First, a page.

Therapy Updates: Safe Enough

Vico Whitmore
4 min readFeb 1, 2024

It took months after my most recent shitty therapist to start looking for a new one. I’ll be honest, I really didn’t have much hope that I’d find anyone I was interested in seeing, much less someone who would make it past the third session. I’d been through five therapists already, only one of whom managed to help me with any meaningful work. After the most recent three, I had a hard time seeing therapy as anything but a setback. That’s not to say that I feel that way about all therapists for all clients, but for me, seeing another therapist who would only make me feel more unfixable felt like a risk not worth taking.

Still, I wanted someone to act as guardrails. I’ve done the work alone often enough to know that I sometimes mistake dodging my symptoms for healing, and I wanted someone who could at a minimum prevent that from happening. I realized that I didn’t need perfect or brilliant. I just needed someone who was sane and not transphobic. So, despite the risk of once again finding the exact opposite, I started looking again.

I found a therapist who is trans and specialized in neurodivergence and trauma almost exclusively. There was no giant list of treatment specialties, no bizarre bio, no red flags that I could see. I booked the first session with a little hope and a lot of doubts.

It didn’t start out great. My new therapist didn’t ask many questions and at one point ended session early because I’d run out of things I needed to talk about. I left the third session not sure if continuing to see her was worth my time. After all, I wasn’t breaking any new ground here. I wasn’t being challenged. I was just sort of word vomiting about my life and then leaving.

She did say a few things that made me feel like it was worth sticking around. First, she acknowledged that my experience with California therapists was terrible. She said that while she thought therapy could help everyone, she couldn’t recommend most therapists. She also disclosed that our trauma histories pretty neatly lined up. She didn’t go into details or make the conversation about her. She just let me know that she understood exactly what I was saying and that she’d been there herself.

That helped, but I still wasn’t sold. I resolved to show up to the next session and if things got quiet and she recommended closing early again, I’d ask her how long she’d been treating patients, so I could better decide if this was a fixable hang up or another failed attempt at therapy. I honestly thought that I’d likely end up firing her in a matter of weeks.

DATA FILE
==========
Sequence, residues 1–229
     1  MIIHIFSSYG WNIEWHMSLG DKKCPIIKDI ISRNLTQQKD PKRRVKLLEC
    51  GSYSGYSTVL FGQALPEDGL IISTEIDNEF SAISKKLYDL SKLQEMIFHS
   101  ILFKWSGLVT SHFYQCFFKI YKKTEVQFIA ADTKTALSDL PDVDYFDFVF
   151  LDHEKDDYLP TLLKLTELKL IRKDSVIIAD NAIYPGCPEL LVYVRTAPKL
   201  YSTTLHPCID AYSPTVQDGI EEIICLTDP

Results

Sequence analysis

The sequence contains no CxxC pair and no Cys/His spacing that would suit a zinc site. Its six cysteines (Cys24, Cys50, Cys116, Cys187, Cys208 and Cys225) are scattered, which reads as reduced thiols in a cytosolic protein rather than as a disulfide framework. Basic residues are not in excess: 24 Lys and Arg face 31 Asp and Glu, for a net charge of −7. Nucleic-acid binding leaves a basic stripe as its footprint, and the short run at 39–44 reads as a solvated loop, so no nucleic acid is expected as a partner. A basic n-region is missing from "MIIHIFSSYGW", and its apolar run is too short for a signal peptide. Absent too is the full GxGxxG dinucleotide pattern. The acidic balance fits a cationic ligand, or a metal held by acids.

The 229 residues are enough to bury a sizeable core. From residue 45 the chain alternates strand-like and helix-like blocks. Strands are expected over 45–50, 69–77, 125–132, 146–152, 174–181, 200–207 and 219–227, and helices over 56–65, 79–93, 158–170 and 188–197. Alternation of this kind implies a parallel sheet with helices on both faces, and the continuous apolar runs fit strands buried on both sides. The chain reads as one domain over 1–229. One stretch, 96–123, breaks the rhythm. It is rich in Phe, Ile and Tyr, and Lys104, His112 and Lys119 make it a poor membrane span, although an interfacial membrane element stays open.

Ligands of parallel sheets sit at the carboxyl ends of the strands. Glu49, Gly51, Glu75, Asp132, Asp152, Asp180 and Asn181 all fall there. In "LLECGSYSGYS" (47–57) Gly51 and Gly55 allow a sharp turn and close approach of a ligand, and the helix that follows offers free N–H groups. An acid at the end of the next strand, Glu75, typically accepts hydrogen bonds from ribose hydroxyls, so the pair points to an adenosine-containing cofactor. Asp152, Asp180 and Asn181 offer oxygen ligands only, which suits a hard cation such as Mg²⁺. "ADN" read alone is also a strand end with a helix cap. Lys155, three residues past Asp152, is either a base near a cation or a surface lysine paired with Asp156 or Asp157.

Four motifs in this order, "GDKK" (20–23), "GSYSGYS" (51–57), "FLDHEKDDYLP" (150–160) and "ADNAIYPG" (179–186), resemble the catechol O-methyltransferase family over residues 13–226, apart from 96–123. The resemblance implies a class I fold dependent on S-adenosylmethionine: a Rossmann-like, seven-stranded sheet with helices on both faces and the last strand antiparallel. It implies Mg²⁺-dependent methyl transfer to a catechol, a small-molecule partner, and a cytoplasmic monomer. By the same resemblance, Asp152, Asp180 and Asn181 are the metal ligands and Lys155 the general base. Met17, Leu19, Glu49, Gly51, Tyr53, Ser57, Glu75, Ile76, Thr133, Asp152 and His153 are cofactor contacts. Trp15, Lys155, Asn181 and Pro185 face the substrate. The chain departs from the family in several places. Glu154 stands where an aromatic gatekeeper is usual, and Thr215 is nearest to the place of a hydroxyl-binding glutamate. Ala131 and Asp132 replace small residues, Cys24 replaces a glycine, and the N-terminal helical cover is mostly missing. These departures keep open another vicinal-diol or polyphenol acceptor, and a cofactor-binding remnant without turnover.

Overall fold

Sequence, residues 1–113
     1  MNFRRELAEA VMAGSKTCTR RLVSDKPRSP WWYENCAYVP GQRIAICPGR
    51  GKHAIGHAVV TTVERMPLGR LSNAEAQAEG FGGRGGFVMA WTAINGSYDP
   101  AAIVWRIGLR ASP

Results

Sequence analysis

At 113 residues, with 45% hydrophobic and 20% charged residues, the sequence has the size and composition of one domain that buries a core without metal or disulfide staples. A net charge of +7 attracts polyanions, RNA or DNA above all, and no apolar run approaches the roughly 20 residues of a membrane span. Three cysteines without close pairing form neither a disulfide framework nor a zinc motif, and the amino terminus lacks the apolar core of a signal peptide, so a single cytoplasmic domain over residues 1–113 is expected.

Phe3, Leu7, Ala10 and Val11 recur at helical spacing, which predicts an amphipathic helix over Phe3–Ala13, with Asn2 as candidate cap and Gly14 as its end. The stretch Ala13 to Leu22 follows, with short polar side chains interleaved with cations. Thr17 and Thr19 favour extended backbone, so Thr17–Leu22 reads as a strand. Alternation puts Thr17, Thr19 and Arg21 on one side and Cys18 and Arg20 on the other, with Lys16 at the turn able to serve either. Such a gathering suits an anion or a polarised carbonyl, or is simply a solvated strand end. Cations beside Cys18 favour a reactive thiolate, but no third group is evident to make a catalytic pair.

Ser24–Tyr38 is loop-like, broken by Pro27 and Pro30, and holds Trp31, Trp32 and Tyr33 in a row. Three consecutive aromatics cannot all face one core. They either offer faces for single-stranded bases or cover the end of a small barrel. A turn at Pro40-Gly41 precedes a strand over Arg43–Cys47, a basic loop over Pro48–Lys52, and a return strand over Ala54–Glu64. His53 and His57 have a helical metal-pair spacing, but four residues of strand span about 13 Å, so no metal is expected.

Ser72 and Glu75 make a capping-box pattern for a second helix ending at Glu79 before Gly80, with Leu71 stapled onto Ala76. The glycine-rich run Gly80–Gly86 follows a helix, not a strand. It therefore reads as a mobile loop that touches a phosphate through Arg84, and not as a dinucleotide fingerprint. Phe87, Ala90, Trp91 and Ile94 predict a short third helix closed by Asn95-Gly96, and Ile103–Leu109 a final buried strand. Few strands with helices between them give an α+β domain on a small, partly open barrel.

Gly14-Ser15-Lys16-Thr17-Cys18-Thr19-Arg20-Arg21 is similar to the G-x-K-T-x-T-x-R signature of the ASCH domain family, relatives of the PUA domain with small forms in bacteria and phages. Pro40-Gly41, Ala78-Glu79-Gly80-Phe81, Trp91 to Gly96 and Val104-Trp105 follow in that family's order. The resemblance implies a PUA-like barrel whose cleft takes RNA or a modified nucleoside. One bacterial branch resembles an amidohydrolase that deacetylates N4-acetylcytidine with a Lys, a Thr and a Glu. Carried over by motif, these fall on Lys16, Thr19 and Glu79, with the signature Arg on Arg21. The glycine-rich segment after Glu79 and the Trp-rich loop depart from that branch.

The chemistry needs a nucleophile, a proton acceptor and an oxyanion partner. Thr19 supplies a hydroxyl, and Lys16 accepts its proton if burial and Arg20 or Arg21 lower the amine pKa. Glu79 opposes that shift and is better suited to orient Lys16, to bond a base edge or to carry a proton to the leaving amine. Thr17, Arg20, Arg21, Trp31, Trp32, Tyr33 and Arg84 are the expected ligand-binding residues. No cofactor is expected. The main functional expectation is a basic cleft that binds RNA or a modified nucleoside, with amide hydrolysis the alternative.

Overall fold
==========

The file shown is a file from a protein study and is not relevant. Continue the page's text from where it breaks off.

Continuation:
By the fourth session, I’d changed my mind. It wasn’t that she said anything so special or that she’d made me reconceptualize anything. It was that I realized she was safe enough. She’d already disclosed that we shared a pretty similar trauma history. We both have Schrodinger’s autism, by which I mean, it’s impossible to know whether we’re autistic or have enough trauma induced brain damage that it’s impossible to know if that’s what’s going on or not. We both love horror. We both have a dark sense of humor. She can “yes and…” with the best of them. All that really happened in that fourth session was us having a really good, dark laugh, and that was enough for me.

It’s not that I don’t think there’s a better therapist for me out there. I would still love to find a therapist who will challenge me and make me think about the way I see the world. I would love a therapist who has done research about trauma in particular and can help me rewire my brain so that life feels a little easier. I don’t think my current therapist is that person.

All of that said, I also know that having a strong rapport with a therapist is the biggest determiner of success. Everything else aside, I do feel comfortable with her, and that’s far more important than any other metric.

While it’s not ideal, I’m okay with leading the session and her just being an active listener. I’m okay with needing to challenge myself outside of session and then bringing back what I’ve found the next week. It’s not perfect, but I think I can make strides with the therapist I have now.

At the end of the day, she’s safe enough, and that’s a vast improvement over the last few attempts I’ve made. At this point, I’ll take it.



Vico Whitmore

Trans CSA survivor leaving a trail as I stumble my way toward healing. Support me on ko-fi!